"Hey, for our Hail Caesar game tomorrow, let's do something different this time" my gaming pal Mike said, "Not just a line 'em up bash."
No problem. I'd been looking forward to trying a Table Top Teaser and this seemed a great chance to shake things up with a new scenario. I flipped through the collection to find something suitable, which proved a bit challenging as most seemed to work better for more modern armies (Horse and Musket or later), or required a ton of cavalry or terrain. I finally settled on "Infantry vs. Cavalry" and "Ambush". Check out our battle report for Cavalry Attack after the jump.
I didn't have nearly enough cavalry to run cavalry attack, but quickly finished up a small unit of Numidian cavalry (please excuse the block painting and unfinished bases) and tried converting the suggested forces to figures I had on hand. The terrain also needed some modification as well, but the vital hills, river and layout were close enough to work.
|The Romans in column formation|
The Romans begin the game in column, marching along a river when they are surprised by a (mostly) cavalry force. We set up the Romans according to the scenario map, two cohorts per side, with Cretan archers in the middle, all in column formation.
The Romans begin nearly in the middle of the table, with a series of hills and rough ground to the north that will provide an escape from the cavalry attackers. Should they manage to reach the rough ground, the Romans will win the scenario.
Celts & Allies (BLUE)
|The celtic cavalry prepares to launch their attack.|
The Celts are free to set up along the western table edge in an angled deployment zone. As the Celts, I placed my two light cavalry and one heavy cavalry towards the north, ready to dash across the table and cut off the Roman retreat to the north. Two warbands and a Spanish medium infantry unit took the southern half of the deployment zone, with a small unit of celt slingers just in front of them.
Opening MovesThe Celts, springing their trap, received the first initiative. I ordered my cavalry to charge, one small unit swinging north to stall any Roman advance to the protected ground to the north, with the rest of the cavalry charging straight ahead to engage the boys from the boot as quickly as possible.
I rolled well, getting my cavalry into position, but failing to engage the Romans in combat. The rest of my infantry moved along the river, but remained beyond javelin range.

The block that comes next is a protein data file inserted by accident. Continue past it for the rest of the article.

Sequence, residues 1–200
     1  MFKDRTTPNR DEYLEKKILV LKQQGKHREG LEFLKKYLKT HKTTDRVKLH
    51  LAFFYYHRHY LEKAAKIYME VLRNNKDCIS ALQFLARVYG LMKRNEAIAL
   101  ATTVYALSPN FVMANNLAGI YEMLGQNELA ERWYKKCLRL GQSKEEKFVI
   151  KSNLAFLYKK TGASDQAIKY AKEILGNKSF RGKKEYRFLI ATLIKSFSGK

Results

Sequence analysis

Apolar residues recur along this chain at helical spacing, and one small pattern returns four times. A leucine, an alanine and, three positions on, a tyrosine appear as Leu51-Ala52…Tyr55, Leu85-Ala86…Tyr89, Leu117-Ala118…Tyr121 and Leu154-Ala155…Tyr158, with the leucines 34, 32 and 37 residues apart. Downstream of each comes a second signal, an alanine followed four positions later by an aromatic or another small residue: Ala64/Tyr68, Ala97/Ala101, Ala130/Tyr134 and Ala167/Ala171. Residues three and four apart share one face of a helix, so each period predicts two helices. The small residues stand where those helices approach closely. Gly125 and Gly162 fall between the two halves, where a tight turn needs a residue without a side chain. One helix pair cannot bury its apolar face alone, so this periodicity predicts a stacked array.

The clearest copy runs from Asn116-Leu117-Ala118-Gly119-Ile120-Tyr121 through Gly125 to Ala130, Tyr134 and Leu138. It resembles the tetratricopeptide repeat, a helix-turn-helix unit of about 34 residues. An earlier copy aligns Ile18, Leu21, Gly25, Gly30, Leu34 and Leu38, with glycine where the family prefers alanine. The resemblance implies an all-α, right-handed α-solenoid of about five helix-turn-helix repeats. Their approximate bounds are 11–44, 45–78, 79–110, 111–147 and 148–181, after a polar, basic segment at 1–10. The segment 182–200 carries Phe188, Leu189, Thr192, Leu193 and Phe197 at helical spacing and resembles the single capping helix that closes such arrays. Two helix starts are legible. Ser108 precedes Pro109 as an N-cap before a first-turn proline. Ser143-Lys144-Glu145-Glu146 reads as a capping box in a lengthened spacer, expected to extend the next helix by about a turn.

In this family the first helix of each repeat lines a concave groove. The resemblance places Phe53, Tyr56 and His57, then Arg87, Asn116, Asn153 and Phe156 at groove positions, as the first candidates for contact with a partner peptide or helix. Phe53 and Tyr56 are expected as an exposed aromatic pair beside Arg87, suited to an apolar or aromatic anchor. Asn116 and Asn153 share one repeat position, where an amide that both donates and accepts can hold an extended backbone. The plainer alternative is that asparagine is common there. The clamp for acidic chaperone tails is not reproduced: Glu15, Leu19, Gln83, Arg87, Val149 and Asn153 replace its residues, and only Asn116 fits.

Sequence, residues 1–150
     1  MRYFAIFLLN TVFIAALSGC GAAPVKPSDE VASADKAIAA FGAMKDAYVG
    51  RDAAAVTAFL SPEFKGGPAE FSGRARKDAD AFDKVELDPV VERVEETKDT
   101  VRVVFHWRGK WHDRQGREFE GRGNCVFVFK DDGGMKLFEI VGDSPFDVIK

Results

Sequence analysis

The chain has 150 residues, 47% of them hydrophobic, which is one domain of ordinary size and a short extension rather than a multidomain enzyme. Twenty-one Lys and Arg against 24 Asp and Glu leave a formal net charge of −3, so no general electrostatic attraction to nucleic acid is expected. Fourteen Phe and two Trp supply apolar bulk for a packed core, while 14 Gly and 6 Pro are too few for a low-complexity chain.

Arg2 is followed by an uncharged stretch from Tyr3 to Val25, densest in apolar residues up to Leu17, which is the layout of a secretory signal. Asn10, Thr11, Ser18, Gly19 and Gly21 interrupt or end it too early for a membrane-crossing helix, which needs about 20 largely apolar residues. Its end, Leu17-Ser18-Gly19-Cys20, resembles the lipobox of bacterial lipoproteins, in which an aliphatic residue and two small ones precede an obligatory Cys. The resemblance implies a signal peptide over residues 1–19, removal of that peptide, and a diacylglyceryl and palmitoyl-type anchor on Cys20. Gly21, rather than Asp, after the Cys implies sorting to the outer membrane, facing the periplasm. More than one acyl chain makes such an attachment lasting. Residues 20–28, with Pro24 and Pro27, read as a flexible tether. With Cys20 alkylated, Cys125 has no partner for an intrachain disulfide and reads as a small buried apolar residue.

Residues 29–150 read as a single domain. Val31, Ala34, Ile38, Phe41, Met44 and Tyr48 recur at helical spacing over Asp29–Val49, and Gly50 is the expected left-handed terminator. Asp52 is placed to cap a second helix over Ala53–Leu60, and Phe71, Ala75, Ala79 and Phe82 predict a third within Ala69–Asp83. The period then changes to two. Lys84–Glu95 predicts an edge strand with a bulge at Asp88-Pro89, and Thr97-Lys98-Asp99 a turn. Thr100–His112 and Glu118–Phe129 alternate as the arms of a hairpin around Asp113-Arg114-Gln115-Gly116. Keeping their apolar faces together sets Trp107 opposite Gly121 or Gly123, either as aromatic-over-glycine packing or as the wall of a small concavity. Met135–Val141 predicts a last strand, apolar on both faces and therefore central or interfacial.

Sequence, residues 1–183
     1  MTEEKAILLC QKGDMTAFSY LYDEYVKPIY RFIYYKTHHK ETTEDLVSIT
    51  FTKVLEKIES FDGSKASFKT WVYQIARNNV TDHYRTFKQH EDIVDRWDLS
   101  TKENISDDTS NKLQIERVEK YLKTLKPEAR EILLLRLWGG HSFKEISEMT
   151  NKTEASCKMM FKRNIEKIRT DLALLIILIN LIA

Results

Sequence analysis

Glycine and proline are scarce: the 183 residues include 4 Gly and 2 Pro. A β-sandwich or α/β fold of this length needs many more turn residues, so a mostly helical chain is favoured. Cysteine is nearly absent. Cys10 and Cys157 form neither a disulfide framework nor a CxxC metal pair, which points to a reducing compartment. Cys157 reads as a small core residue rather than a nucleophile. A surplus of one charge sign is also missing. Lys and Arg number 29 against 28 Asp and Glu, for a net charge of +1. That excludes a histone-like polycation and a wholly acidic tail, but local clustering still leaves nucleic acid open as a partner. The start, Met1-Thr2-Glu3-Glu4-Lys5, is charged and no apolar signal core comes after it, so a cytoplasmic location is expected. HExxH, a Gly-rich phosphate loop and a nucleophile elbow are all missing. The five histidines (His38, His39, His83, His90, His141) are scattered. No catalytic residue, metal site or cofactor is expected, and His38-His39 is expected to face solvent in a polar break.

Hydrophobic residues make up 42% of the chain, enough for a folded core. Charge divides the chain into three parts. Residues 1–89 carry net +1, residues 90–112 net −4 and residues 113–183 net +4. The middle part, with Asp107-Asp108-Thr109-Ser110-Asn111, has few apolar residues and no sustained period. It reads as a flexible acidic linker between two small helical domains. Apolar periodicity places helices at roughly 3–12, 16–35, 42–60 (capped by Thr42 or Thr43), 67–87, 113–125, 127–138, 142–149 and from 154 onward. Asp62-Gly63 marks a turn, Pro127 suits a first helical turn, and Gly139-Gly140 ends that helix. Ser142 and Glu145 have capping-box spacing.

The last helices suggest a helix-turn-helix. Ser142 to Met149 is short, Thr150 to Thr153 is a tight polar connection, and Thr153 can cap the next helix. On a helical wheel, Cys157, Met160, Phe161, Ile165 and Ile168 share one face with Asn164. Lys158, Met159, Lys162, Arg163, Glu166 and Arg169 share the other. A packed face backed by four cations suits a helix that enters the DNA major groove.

|Light cavalry swing north to cut off escape to the hills|
|The main body surges towards the Romans, but not yet reaching javelin range.|
With initiative passing to the Romans, my opponent Mike realized he needed to get his Romans out of march and into a defensive position. A lengthy discussion occurred in which Mike I negotiated the sophisticated maneuvers he wanted his tiny lead men to engage in, while I asked him to reconsider the complexity of his commands for something a little simpler. After quite a bit of back and forth, his troops finally fell into a crescent formation, one side facing the onrushing enemies, the other facing the river to prevent a flank attack.
|Romans unfurl into a broad crescent|
Neither of us were quite sure of the legality of the maneuver but in an effort to get back to the game, we decided it was good enough and got on with it. The Romans loosed sporadic ranged attacks, but dealt few casualties.
Cavalry ChargeHaving failed to take advantage of the Romans initial vulnerable position, I had to console myself with the fact that they had to drop into a defensive position rather than simply making for the hills. Feeling confident, I went for broke, charging my warbands towards the Roman line which evaded back out of the way. Of course, this is totally illegal since they are close order infantry, but neither Mike nor myself caught that rule in the moment.
|Romans deploy Kirk's Kobayashi Maru maneuver to get out of a jam.|
|Celts attack, with Numidians in support|
But after a horrendous round of combat, were forced to recoil!
|Forced to flee! This is what I get for putting figures with unfinished bases into play.|
The Late Republic Strikes BackThe Roman left which had just evaded, charges the warbands, completely obliterating them. Their defeat was so quick the only evidence that remains is this pic of the victorious Romans, bloodied and disordered, but still in the fight.
|Without celts in proximity, Romans collapse into a stout defensive configuration|
Having been dealt a serious blow, I felt I need to attack. On the Carthaginian initiative I sent my medium infantry into support another cavalry charge and ordered the advance.
|One last charge|
Again the two lines collided and again my cavalry performed miserably, routing off the table following a dismal 3 on the break test. With three out of six units routed, and finally realizing that formed infantry can't evade along I decided to concede the game. There was little hope to stopping the Roman juggernaut with only light troops remaining.
Had I not been so eager to come to blows, or realized that I didn't have quite the numerical advantage I thought I had, I would have proceeded more cautiously and perhaps made a better showing. Also, I love Hail Caesar, but it could really use a proper glossary and index to help quickly find rules questions. Still we had fun, and since the first game went by rather quickly, we decided to try out the other Table Top Teaser, "Ambush". That write up will need to wait for another time though.